Imagine weighing 186 pounds, barely being able to move, and struggling to breathe. It’s a reality for many an obese American, but it’s truly heart wrenching when you learn it’s a nine-year-old girl. Admitting that she couldn’t keep up with her young friends while playing, and that bullies had become an issue, Breanna Bond was the picture of childhood obesity in our country. But not anymore.
Sitting with her parents and George Stephanopolous on Good Morning America today, a much slimmer, happier, and fitter Breanna graced the stage weighing 66 pounds less than her highest weight. Today, she’s excited to “be involved with my friends.”
Now, an active member of the basketball and swim teams, Breanna’s transformation didn’t come without a lot of hard work, as any weight loss story does. Her mom, Heidi, was the force behind changing a weight problem that had started at birth. By kindergarten Breanna was 100 pounds, and her mom says they spoke with many doctors and specialists about her continually increasing weight.
When mom decided enough was enough, they not only pushed a tough love approach on Breanna to save their daughter’s health, but the entire family took part. “The whole family changed,” said Heidi. It started with four-mile trail hikes as a family and they had a “zero tolerance policy,” meaning they walked or hiked in the cold, the fog. “We’re doing the walk, no matter what.”
At home, Breanna spends one hour and fifteen minutes on the treadmill everyday, 25 minutes of which is spent running. As a family, they consume less than 20 grams of fat per day and keep sugar to a minimum.
“Start as soon as possible,” is Heidi’s advice to other parents. It’s advice that medical experts and children’s health advocates have been promoting for years. Start now. Start today. Change one thing. Just DO something! Childhood obesity is a modern day epidemic with repercussions that will last decades for these children.
Twitter and Facebook are flush with comments about how inspiring the story is, of one family’s journey to complete change their lives and their health in just one year. But it certainly raises the question of whether or not a “tough love” approach is right for kids.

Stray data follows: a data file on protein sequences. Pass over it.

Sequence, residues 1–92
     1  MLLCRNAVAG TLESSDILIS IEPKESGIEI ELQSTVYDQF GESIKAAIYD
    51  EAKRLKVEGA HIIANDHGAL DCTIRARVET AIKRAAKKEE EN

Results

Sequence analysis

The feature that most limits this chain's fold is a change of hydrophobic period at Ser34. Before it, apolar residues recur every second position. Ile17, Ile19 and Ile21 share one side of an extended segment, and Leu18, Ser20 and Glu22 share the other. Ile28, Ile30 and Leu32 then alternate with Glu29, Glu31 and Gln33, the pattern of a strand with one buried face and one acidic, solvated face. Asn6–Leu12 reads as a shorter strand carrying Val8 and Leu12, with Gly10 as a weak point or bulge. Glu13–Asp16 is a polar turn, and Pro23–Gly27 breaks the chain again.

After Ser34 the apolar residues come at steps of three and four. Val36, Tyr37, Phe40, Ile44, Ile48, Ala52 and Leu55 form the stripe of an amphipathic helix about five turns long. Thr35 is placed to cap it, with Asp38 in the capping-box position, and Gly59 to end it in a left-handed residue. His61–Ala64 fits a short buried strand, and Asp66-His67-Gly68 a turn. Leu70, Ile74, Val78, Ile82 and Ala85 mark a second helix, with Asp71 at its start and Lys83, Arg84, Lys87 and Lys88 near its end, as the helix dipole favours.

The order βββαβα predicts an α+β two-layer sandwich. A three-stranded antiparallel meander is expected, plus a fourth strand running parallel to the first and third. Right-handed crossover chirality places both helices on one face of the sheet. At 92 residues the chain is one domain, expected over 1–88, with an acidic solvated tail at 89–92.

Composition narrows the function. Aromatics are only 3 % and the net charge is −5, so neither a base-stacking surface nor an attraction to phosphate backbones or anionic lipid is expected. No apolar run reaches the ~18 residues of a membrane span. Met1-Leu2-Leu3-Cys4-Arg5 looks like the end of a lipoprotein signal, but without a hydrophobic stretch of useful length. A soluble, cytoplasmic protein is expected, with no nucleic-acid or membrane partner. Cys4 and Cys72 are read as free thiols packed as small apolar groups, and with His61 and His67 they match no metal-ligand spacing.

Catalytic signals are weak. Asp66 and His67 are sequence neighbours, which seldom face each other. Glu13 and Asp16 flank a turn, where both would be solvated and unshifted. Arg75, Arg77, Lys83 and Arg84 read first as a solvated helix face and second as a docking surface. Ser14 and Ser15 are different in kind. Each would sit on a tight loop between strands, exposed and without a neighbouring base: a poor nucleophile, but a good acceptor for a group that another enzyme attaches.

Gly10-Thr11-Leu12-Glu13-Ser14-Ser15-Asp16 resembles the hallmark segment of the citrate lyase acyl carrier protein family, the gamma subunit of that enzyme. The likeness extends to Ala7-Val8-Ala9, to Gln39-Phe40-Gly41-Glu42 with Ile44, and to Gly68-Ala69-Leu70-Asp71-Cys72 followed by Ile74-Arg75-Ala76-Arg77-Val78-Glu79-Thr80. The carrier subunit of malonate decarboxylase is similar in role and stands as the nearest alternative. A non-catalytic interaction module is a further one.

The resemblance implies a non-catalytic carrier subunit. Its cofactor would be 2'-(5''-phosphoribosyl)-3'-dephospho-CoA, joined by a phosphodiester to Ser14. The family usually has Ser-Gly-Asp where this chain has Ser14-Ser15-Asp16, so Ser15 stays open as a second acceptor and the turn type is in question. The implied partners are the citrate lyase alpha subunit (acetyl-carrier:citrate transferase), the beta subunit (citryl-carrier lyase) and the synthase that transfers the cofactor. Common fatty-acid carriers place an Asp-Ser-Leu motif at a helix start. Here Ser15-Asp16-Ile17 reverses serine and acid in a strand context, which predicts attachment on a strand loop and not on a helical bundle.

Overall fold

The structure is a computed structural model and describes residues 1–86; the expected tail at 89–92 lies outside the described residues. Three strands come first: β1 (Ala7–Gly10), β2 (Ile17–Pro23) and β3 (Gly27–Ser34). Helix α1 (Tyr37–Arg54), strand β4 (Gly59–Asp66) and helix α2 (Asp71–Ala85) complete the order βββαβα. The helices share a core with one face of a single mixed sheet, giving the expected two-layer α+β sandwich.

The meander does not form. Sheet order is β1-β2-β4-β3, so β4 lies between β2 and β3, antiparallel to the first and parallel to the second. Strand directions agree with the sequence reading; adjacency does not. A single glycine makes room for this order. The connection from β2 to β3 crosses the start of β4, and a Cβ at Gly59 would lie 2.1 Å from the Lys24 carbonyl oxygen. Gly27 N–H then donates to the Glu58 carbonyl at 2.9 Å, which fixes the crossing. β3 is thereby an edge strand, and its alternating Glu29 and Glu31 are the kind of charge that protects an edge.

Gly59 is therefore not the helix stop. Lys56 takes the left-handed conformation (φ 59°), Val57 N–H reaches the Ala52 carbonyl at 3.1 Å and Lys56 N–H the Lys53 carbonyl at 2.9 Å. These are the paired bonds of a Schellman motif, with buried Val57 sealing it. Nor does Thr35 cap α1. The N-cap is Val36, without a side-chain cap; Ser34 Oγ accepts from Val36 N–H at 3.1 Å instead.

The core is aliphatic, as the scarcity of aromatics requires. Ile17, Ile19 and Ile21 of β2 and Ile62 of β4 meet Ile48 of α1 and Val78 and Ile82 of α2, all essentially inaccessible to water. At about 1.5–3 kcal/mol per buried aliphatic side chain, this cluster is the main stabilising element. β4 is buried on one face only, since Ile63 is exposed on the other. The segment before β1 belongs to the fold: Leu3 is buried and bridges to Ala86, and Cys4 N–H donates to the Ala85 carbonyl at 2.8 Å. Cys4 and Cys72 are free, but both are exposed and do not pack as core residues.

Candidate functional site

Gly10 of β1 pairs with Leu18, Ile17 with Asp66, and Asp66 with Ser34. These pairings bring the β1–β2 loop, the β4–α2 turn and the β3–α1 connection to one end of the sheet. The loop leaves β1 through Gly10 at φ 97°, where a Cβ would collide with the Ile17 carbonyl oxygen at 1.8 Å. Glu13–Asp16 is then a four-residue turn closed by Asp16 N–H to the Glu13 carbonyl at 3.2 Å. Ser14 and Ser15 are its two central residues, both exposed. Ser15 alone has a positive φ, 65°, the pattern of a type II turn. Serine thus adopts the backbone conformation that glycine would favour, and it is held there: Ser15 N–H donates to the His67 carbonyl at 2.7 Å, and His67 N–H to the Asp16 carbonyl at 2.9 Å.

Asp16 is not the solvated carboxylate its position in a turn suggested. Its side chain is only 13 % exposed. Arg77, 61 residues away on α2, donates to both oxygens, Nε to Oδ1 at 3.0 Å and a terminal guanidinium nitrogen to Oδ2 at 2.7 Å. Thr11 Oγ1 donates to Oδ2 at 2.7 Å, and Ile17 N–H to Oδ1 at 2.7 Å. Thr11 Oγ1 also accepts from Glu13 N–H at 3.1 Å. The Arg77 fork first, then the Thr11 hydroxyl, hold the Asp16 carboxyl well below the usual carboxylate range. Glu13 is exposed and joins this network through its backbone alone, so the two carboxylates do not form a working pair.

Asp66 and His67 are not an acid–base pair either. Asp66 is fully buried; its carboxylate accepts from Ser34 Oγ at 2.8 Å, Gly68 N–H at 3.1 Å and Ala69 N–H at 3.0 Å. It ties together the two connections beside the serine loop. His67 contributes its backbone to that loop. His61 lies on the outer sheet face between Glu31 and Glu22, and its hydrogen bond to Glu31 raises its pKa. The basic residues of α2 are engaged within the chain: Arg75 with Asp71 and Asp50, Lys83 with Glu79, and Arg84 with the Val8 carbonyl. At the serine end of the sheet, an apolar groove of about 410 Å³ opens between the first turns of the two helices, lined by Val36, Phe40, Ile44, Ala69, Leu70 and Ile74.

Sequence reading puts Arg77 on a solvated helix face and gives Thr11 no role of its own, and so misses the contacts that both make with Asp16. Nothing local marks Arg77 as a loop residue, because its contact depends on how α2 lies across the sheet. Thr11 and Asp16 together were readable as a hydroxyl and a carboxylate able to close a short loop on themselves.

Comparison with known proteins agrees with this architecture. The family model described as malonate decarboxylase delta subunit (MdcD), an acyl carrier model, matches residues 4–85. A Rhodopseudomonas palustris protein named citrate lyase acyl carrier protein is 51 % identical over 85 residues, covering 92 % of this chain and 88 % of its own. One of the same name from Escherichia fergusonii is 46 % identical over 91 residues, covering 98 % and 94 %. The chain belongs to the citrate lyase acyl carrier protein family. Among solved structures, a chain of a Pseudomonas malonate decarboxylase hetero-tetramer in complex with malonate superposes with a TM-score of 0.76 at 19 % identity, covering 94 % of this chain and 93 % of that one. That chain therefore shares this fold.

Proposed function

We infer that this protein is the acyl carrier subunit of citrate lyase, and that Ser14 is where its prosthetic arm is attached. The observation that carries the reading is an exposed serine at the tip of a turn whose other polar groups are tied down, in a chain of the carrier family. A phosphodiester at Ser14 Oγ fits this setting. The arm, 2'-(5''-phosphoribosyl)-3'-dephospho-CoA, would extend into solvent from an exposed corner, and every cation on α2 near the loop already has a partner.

One DIR reader, Jill Sandberg, posed these questions to us on Facebook: What do you think about the whole “tough love” aspect?
It depends on how it’s handled. This family didn’t put their daughter on a diet and continue to live their normal lives, the entire family made a drastic change together for the betterment of not just Breanna but all of them. Many a parent has tried a true tough love approach that ultimately doesn’t work, shaming or blaming the child and offering them little support other than criticism. What the Bonds did should be replicated in homes across the country. As a whole, don’t just call out that one member – a daughter or mother or father – has a weight problem, but recognize that everyone could be moving more and eating better.
“Don’t be afraid to do the tough love,” said Breanna’s father. “It’s their life at stake.” Those words should resonate in the ears of every mother and father. If your kid wants French fries and a Coke, tell them no. It’s tough to disappoint them, it’s tough to hear them whine and cry when they don’t get their way, but it’s also tough to watch your child not be able to run around a playground or chase their friends. It’s tough to hear your child come home and cry because someone called them a “fatty,” as happened to Breanna.
Biggest Loser host Alison Sweeney once made a comment about who is the parent in the relationship. Be that for your children, even if it means making the tough choices for yourself and your children. As Mr. Bond said, their lives are at stake. This isn’t a discussion of clean bedrooms or how long they practice their violin at night, it’s a matter of the quality of their life as children on through adulthood.
Breanna is no doubt standing on a firmer foundation as a fifth grader than most adults are and will carry with her these healthy habits for life. Her parents did save her life, and by sharing her story we can only hope that the lives of many more children are saved by parents who love enough to practice a little tough love.